Our memory is categorized into long-term and short-term. Short-term memory is used for immediate goals such as daily tasks or remembering someone’s name or to send an e-mail. Depending on how important the information in your short-term memory is, it may become part of your long-term memory.
As we age, short-term memory can weaken and our ability to recall information becomes poorer. But aging isn’t the only risk factor that can weaken your short-term memory. In fact, there are several different reasons for your poor short-term memory, but the good news is that many of these causes can be modified to reduce your risk of memory loss.
Here are some common causes and risk factors for short-term memory loss and what you can do to prevent it.
Causes of Short-Term Memory Loss and How to Prevent Them
Inactivity: It is known that regular exercise can help improve brain health because the brain needs ample blood to function properly. Studies have shown that those who remain active tend to have better memory. Therefore, maintaining a regular exercise routine can help preserve short-term memory.
Substance abuse: Many states and countries are legalizing marijuana, and although it’s promoted to not be a harmful drug, some research has shown that toxins in marijuana smoking can take a toll on memory. These studies have shown that pot smokers brains are, on average, three years older than non-smokers.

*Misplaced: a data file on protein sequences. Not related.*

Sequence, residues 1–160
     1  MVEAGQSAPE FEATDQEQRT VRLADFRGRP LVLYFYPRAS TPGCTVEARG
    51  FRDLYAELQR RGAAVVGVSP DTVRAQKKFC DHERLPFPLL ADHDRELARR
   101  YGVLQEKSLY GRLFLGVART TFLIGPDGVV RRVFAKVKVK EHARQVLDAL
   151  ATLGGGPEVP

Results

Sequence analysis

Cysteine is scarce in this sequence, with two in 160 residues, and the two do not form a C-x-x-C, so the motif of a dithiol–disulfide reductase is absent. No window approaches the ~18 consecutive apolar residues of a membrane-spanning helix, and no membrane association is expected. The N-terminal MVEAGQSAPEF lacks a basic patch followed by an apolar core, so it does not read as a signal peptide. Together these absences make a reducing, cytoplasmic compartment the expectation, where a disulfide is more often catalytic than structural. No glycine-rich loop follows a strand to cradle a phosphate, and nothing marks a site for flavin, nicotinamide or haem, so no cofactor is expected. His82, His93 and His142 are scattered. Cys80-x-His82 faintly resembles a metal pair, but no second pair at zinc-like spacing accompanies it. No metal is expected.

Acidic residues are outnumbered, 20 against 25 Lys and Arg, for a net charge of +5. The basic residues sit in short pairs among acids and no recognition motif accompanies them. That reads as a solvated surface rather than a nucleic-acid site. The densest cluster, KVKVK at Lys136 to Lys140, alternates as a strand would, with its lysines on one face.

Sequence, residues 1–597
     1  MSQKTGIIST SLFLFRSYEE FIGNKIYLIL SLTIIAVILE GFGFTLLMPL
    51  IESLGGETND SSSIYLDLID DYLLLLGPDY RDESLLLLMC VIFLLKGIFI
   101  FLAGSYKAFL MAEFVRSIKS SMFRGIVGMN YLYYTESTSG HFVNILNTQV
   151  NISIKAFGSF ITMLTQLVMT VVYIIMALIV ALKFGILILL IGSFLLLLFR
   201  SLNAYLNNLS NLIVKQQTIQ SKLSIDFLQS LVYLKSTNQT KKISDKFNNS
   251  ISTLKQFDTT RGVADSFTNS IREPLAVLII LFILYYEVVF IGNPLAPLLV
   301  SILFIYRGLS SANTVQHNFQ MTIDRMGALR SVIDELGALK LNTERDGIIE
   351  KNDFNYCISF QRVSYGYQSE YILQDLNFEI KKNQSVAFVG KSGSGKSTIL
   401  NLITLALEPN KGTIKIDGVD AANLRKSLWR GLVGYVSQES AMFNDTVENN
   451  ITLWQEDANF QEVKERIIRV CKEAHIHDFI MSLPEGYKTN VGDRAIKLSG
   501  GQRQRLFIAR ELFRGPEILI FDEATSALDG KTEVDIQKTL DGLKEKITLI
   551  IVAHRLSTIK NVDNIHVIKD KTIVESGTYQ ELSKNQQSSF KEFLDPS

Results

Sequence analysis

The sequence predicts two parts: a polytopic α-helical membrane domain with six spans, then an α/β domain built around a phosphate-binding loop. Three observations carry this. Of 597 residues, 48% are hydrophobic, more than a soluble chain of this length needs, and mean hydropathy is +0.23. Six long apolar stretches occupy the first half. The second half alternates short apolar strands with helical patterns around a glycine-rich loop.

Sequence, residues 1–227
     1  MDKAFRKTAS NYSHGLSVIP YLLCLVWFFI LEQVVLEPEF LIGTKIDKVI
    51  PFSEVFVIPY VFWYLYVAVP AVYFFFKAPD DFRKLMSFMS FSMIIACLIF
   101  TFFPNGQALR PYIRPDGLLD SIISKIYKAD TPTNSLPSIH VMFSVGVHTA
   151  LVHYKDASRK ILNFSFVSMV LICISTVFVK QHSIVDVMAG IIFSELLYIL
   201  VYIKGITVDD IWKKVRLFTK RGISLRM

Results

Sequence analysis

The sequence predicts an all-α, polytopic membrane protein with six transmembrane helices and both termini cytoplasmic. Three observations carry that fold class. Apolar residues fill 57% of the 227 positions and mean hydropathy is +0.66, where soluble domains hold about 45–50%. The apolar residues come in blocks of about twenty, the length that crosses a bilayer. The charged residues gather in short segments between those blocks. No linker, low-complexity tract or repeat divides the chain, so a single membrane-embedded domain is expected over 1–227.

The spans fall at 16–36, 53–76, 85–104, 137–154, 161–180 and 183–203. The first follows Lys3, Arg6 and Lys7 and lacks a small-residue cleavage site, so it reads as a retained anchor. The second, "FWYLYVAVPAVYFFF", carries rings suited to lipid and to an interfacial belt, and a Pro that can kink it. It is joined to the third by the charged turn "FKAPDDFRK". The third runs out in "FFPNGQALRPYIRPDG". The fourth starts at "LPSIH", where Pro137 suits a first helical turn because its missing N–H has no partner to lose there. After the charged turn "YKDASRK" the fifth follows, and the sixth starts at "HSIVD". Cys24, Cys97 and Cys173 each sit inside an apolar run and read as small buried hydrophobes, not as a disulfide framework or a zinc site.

Mental health issues: Suffering from depression, anxiety, chronic stress, or any other type of mental health issue can hurt your brain, particularly with short-term memory loss. The good news is treating mental health issues can help preserve brain health.
Lack of sleep: Sleep impacts all bodily functions, including the brain’s ability to recall and remember information. When we sleep, our brain “cleans up” and recognizes information. Lack of sleep impedes the brain’s ability to do this, and your short-term memory suffers because of it.
Lyme disease: Being bitten by a deer tick can cause Lyme disease. Symptoms include chills, fever, headache, fatigue, and a bulls-eye rash. Some patients may experience short-term memory loss as well. Ensure that when you head out on hikes, you take the necessary steps to reduce your risk of a deer tick bite.
Dementia: One of the earliest signs of dementia is short-term memory loss. There is a higher risk of dementia among those over the age of 60. Although there is no fool-proof way to prevent dementia, you can reduce your risk by living a healthy lifestyle.
Medications: Certain medications — prescribed and over-the-counter — may cause short-term memory loss. If you suspect drugs are the culprit of your memory troubles, speak to your doctor about different options.
Hypothyroidism: An underactive thyroid causes your whole body to run slower, memory and brain included. Treating hypothyroidism can help relieve such symptoms.
Unhealthy diet: What you eat can trigger inflammation in the body and inflammation negatively impacts the body. Studies have linked high inflammation to poor memory. Eating a healthy, well-balanced diet can help control inflammation, leaving you with better memory.